Written by caustik

May 13th, 2008 at 2:22 am

Posted in Programming

Wtf, MS?

with 5 comments

When you see this line of code in your source window, how does your brain read it?

My brain says “There’s a hex number, with a couple of 1′s in it.”

Guess what? WRONG. It has one ’1′. The end character is a secret hidden lowercase “L”. Thanks, Microsoft. Lucida console has literally a one pixel difference between it’s ’1′ and ‘l’, which is fairly typical. These things are speckled all over mmsystem.h. Personally I never use ‘L’ at the end of a hex digit, and if I was feeling clinically insane enough to do it, I’d at least use a capital ‘L’.

Written by caustik

May 5th, 2008 at 5:25 pm

Posted in Funny,Programming

Cxbx Progress

with 77 comments

There was some amount of activity in a private branch in the Cxbx project recently..

I have been talking to a developer, Martin, who has spent some of his extra time fiddling with Cxbx. He was able to get some teaser screenshots from Battlestar Galactica. The game displays the menu, and even some in-game. I won’t get into too many details, but here are a couple screenshots.

Battlestar Galactica - menu 2 Battlestar Galactica - menu 3

Battlestar Galactica - in-game (fullscreen) Battlestar Galactica - in-game (windowed)

I have not started to work on Cxbx on a regular basis — but I think this progress is very motivating, and it is tempting me to boot back up my development setup and take another look after a very long absence.

Many thanks to Martin for the contributions and for allowing me to post about his progress. Cheers.

Written by caustik

September 25th, 2007 at 5:05 pm

Posted in Cxbx,Hacking,Programming

Tagged with , , , ,

Painless Debug Console

with 18 comments

I have had the pleasure of writing a pretty large number of apps for Windows. There are a few things that I have learned, over time, that have really helped to improve my productivity. One of those things is a basic debug console.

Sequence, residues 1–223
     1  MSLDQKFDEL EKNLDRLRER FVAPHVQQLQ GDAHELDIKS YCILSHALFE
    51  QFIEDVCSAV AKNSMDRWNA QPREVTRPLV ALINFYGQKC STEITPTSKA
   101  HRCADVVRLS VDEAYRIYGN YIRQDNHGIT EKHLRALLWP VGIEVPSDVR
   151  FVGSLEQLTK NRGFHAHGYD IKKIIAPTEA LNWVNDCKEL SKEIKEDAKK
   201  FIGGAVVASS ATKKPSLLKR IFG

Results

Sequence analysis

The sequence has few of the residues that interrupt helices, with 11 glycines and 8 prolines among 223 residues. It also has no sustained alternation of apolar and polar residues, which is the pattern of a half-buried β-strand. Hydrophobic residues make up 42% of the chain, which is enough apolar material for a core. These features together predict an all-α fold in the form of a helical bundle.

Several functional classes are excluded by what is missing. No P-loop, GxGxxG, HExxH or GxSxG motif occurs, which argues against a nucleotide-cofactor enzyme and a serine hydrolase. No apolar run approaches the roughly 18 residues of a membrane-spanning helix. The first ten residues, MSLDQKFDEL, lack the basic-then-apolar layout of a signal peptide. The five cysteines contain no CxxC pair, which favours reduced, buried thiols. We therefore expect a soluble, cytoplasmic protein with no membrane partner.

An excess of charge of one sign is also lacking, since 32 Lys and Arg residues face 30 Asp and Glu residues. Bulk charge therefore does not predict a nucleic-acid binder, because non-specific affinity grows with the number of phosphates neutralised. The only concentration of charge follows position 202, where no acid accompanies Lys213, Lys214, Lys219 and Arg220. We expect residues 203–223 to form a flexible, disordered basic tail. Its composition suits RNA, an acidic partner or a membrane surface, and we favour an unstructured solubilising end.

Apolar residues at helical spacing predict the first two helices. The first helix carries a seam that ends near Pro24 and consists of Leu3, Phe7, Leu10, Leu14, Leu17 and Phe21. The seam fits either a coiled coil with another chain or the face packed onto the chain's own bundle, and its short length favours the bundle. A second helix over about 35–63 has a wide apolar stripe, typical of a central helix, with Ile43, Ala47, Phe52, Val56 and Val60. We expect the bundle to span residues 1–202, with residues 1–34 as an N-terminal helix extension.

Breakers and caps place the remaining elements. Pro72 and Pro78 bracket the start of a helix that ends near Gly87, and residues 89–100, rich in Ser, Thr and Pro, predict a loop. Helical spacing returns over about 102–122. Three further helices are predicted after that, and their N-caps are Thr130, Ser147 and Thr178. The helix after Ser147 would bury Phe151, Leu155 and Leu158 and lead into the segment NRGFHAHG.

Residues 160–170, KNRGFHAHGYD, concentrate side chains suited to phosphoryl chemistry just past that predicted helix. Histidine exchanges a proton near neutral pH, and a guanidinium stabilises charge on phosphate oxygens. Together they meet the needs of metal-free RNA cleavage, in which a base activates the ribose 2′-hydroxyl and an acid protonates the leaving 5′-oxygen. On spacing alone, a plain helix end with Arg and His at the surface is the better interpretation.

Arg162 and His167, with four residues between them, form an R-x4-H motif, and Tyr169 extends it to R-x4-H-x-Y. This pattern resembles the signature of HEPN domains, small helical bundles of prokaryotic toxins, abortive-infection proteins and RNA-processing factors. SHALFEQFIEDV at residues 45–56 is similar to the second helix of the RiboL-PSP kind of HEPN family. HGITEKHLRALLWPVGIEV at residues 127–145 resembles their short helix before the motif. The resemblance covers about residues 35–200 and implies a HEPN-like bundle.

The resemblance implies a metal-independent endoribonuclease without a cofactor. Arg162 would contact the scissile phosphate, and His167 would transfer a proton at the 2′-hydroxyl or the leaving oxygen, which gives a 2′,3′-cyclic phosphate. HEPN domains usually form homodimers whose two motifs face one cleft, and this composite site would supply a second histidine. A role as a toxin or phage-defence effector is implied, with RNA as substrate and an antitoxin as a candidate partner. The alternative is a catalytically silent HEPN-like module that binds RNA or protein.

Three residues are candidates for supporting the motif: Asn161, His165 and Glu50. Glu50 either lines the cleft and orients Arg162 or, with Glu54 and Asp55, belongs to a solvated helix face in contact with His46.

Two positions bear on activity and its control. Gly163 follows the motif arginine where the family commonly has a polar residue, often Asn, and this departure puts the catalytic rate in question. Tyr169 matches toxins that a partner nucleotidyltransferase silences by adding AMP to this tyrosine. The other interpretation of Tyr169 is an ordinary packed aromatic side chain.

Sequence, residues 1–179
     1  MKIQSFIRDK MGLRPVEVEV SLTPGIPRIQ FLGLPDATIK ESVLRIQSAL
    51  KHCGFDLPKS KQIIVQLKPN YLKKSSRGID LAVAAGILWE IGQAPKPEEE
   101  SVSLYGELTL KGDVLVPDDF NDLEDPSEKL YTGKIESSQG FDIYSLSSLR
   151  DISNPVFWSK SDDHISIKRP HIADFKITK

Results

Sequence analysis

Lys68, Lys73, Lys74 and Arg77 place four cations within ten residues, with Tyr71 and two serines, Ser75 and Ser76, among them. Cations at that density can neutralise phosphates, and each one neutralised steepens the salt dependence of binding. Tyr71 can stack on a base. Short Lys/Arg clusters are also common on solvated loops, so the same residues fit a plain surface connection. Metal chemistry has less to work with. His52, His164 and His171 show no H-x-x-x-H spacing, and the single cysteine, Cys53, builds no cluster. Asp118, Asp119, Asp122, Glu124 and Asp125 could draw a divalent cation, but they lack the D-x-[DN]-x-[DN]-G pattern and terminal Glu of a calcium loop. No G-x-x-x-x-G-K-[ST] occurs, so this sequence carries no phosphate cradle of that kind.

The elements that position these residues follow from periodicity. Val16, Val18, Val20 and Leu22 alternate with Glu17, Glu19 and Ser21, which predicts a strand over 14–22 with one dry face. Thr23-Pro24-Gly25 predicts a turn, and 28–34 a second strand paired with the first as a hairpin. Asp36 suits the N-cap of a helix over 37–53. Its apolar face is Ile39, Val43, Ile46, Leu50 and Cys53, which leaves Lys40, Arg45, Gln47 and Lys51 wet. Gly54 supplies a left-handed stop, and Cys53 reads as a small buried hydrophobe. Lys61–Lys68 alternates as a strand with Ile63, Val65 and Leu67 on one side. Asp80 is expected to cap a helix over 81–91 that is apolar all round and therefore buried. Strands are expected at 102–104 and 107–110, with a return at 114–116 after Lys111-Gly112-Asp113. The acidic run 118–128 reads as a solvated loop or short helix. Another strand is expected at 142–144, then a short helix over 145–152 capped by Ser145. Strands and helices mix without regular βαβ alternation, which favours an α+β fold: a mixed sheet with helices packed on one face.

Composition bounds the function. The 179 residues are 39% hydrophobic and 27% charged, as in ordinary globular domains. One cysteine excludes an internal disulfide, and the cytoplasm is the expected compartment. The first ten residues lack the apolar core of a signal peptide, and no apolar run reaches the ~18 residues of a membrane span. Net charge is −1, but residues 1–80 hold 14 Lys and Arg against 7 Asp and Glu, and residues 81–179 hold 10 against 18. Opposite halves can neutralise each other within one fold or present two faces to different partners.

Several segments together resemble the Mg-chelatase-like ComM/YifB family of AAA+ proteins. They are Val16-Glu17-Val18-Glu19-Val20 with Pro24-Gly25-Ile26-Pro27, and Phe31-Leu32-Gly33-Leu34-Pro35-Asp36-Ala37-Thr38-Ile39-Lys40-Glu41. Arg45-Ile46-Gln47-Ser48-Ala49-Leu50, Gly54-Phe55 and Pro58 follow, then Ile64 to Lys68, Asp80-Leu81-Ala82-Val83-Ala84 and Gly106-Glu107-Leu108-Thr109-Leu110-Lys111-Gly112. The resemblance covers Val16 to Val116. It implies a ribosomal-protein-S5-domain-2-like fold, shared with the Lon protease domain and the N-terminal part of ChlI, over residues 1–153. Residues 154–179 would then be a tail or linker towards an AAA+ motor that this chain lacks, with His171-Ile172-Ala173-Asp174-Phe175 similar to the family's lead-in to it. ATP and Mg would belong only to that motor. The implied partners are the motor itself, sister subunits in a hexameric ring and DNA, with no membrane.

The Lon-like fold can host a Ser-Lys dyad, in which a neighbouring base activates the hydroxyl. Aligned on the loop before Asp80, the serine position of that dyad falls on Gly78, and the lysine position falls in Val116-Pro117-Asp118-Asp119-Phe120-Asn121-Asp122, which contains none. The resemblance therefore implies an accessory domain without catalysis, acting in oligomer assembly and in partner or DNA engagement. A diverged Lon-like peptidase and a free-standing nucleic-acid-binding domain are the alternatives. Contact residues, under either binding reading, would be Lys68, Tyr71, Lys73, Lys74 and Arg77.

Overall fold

Typically, a debug console is handy – go figure – while you’re debugging. Once you have a release quality build, you won’t want the debug console hanging around anymore.

This is one of those snippets of code that, while brutally simple, is rather non-obvious and most people don’t know of.

#ifdef MYAPP_DEBUG_TRACE
if(AllocConsole())
{
    freopen("CONOUT$", "wt", stdout);

    SetConsoleTitle(L"MyApp : Debug Console");

    SetConsoleTextAttribute(GetStdHandle(STD_OUTPUT_HANDLE), FOREGROUND_GREEN | FOREGROUND_BLUE | FOREGROUND_RED);

    printf("\n");
    printf(" MyApp Debug Console\n");
    printf("\n");
}
#endif

Basically this code, if debug trace preprocessor is set (add MYAPP_DEBUG_TRACE to your preprocessor settings), will allocate a nice little debug console window, change the title, set the font colors, and redirect standard output to the console.

This snippet of code can be added to any Win32 application, and gives you the instant capability to spit out oodles of delicious debugging data. Typically, I combine this method with something along these lines:

#ifdef __cplusplus
inline void null_func(char *format, ...) { }
#define DbgEmpty null_func
#else
#define DbgEmpty { }
#endif
/* Debug Trace Enabled */
#ifdef  MYAPP_DEBUG_TRACE
#include
#define DbgPrintf printf
#else
/* Debug Trace Disabled */
#define DbgPrintf DbgEmpty
#endif

Now, you can use the function “DbgPrintf” just as if it was “printf” – and it will compile away to nothing in a release mode build!

Written by caustik

October 24th, 2006 at 5:51 am

Posted in Programming